WordPress Plugin Framework Creation

WordPress Development

One of the challenges for Author Buzz was that we need a lot of different functions and features without polluting the plugin list with a large collection of things that blog users cannot directly access.

Our ideal solution would be to wrap all the features into one plugin. However, we also want to still be able to break them out into separate plugins if one feature was to be shared or became rather too big for where it started. With requirements like those, some advanced planning was needed.

The solution so far

Inspired by the boilerplate plugin design, we created our own framework that would allow us to create discrete modules for a single plugin.

To make that happen, we needed an object-oriented approach that would allow us to keep tot he principle of one change, one edit. That is if we change something we only need to make the one edit to do it. At no time should a change to one part of the system needed further changes in other parts of the system.

Additionally, we needed to abstract away each module so that we could activate and deactivate it as needed. Early testing was always going to be away from the live server but each feature would need some test time on live too. That means that we need to shut down a broken or poorly performing module without shutting off the other features.

To do this we have created a framework very similar to the boilerplate plugin. In fact, we started from the boilerplate as it really is some excellent code. However, that was where we left the beaten path. We combined the static class to contain three static methods active, deactivate and modules. The modules section would be the one place where we would edit to include, well, modules.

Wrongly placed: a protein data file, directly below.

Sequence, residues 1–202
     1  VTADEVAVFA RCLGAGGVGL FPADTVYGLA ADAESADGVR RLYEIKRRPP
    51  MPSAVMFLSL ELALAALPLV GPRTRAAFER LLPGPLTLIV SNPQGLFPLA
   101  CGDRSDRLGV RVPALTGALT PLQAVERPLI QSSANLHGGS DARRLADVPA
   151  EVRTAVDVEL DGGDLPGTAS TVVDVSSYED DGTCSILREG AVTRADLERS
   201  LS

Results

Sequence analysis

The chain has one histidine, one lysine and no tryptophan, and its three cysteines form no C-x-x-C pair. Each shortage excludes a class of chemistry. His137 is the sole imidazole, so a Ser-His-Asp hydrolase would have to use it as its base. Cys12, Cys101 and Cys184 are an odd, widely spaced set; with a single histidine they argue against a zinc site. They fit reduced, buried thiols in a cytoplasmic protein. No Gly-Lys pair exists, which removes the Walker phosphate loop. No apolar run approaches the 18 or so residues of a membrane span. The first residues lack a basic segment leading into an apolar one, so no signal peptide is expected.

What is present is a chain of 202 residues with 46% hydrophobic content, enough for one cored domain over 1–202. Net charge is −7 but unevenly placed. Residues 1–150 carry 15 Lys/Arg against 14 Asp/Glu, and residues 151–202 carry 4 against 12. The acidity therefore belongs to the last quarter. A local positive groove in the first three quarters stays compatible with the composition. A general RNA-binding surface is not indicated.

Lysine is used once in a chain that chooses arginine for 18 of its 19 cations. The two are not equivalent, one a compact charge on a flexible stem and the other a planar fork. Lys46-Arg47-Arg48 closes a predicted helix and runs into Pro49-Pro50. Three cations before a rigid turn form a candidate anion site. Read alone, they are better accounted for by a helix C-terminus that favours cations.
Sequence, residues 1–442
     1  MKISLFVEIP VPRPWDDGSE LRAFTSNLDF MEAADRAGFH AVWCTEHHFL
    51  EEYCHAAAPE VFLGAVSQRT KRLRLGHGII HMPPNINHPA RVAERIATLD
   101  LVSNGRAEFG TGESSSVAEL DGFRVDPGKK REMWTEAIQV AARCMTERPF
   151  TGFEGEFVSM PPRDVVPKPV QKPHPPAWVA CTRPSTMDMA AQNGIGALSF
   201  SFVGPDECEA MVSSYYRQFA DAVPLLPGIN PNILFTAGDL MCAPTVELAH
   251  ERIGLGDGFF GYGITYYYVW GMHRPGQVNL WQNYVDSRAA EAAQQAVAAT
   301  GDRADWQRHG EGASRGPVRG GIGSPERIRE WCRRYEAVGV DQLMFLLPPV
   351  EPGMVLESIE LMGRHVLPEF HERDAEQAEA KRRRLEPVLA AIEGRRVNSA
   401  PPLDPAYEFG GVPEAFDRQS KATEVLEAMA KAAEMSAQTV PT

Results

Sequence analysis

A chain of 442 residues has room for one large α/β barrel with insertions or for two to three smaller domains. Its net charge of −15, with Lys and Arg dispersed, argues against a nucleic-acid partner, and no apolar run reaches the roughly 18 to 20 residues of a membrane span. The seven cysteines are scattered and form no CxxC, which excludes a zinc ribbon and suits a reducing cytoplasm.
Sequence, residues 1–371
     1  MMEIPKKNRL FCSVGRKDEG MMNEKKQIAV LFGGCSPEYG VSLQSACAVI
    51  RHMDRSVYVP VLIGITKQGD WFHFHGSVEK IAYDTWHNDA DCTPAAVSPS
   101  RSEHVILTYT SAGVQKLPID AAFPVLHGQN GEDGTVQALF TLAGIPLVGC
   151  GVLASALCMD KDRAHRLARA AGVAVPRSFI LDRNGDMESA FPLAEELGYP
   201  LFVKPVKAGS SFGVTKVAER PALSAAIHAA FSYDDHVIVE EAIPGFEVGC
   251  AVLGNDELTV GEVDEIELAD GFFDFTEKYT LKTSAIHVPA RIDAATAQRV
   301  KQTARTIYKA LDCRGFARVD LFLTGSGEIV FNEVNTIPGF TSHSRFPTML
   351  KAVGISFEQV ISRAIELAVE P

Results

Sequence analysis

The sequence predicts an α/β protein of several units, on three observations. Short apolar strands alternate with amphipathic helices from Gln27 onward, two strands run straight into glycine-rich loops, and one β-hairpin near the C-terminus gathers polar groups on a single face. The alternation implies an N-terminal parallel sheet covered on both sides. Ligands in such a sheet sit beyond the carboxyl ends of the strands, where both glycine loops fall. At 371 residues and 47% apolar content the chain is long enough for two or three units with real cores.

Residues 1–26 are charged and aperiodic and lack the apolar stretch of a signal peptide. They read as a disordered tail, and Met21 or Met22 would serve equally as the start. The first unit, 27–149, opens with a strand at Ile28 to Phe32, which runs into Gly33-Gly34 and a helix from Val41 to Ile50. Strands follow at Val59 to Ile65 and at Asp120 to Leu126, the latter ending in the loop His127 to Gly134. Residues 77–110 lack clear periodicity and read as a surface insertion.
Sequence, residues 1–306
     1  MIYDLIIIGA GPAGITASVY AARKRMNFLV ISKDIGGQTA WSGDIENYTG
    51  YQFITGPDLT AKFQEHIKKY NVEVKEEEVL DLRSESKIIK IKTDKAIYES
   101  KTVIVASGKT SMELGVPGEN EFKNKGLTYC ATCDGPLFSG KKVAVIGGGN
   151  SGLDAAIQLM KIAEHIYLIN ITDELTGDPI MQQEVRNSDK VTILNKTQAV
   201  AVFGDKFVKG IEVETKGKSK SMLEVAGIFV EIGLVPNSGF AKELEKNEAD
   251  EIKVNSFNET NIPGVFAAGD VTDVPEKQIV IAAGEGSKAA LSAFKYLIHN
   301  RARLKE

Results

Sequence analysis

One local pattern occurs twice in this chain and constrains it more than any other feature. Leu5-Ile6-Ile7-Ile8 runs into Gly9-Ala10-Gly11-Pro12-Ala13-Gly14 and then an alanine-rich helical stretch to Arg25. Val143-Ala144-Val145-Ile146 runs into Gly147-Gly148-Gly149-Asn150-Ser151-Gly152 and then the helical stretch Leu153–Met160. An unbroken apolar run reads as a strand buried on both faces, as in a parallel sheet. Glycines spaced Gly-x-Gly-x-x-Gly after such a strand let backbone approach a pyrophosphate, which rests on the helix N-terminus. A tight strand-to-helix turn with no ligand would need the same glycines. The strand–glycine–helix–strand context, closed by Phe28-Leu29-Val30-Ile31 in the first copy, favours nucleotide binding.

We created an abstract class which acts as a base for modules and allows us to design utility methods that all modules might need to use.

To further promote good object reuse, we also created what we called models. Like the Model View Controller approach to design, models would carry out data transport. While modules would carry out logic.

What else do we need?

Next, we took a look at Admin and front end UI. Here, we are still figuring things out. The design approach will be that UI should map back to specific modules but those UI elements should active only if the matching module is available. Thus if we shut down a module, the UI shuts down too.

As we have written a custom method is_active_module(), it should be trivial for UI to declare module dependency.

The next step is to create hooks to allow the UI to register for admin area and front end interface time.

It is working well

Early testing indicates that the modular approach works well and is reasonably efficient. It is also, I am pleased to say, a joy to work with. A little more development for UI deployment and unit testing is left to go. Soon we should be ready to roll out the framework to see how it performs in the live environment.

After that, we can fast forward the production of a number of tiny features and tweaks. We can also get to some of the more significant feature changes that we are hoping to make.

As for now, back to the grindstone for me.

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